Is this the inherent feature of Spanish? In English we always say who is doing the action:

How are you?

Why don't you say:

¿Cómo estás?


3 Answers 3


In Spanish you can omit the subject in sentences when it is known or it can be inferred from context or the verb. In the case you show, the subject is inferred from the verb.

This is the present indicative of verb estar:

yo       estoy
tú       estás
él       está
nosotros estamos
vosotros estáis
ellos    están

Note that every verb form is different, so knowing the verb form you can infer the subject, so the estás form can only correspond to the pronoun , and thus it is redundant to use it in the sentence.

You can also omit the subject when everyone in the conversation knows it, not only in questions but in every kind of sentences:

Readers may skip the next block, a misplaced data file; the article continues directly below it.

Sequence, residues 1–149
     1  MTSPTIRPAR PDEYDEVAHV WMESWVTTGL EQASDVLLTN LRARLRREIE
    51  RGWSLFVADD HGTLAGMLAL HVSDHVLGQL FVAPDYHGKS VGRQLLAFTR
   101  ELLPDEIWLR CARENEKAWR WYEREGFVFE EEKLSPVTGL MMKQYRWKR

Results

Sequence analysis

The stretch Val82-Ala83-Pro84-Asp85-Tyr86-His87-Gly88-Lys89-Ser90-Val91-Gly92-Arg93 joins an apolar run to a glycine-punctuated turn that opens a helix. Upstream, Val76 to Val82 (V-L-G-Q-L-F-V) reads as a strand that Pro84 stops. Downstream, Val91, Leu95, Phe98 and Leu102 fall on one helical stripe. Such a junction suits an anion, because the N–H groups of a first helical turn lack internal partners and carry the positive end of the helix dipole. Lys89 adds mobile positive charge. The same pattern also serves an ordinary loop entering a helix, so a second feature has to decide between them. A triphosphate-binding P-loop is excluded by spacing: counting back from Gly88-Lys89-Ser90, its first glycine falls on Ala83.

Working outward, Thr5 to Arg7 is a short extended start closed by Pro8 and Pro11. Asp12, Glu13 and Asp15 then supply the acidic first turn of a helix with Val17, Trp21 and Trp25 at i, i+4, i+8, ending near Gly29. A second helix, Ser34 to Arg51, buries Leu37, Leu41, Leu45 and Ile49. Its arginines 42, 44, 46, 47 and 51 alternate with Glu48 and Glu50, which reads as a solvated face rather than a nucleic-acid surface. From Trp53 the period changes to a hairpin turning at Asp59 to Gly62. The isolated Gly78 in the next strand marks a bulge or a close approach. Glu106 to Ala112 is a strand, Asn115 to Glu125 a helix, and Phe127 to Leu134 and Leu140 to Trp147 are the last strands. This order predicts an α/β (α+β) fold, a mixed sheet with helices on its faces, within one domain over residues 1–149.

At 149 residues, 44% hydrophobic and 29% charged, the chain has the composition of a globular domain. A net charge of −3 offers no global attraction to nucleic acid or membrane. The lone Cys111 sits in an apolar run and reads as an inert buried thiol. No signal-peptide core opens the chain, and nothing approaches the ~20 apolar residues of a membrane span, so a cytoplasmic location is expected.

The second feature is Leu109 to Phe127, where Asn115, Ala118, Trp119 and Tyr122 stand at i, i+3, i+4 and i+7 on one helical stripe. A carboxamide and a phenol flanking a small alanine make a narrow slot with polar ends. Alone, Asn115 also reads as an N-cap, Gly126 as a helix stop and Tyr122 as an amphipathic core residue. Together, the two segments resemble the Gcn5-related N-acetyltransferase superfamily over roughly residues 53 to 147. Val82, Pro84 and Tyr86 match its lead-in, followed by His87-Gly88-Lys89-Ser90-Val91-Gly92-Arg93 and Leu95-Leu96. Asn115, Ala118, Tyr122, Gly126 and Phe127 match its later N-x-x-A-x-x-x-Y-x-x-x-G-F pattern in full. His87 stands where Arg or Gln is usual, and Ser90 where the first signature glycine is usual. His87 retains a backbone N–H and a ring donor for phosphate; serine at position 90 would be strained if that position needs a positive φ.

—¿Dónde está Juan?
—[Juan] Está en su casa.

Nonetheless, there are cases in which you can put in the subject if it needs to be emphasised:

—¿Cómo está tu mujer?
—Regular, aún no se ha repuesto del susto.
—¿Y cómo estás tú?

Here you say to emphasise that the subject has changed from the previous sentence, even though it can be inferred from the verb.


This is not restricted to questions, you would say soy Erjan not yo soy Erjan. Since the verb tells us the person it is not necessary to use the pronoun unless either it is ambiguous or you wish to emphasise.

Ambiguous Está en otra planta could mean he/she/you polite is/are on another floor so you might add the pronoun

Emphasis Como quieres = as you wish, como quieres tü = no, as YOU want, not me.


As noted, you can include the subject as a means of emphasis, although I would phrase it "¿Cómo estás tú?" Another example that comes to mind is the classic Spartacus scene. It might be translated:

"Soy Espartaco"
"No, soy yo Espartaco"
"No, soy yo..."

and so on.

Not the answer you're looking for? Browse other questions tagged or ask your own question.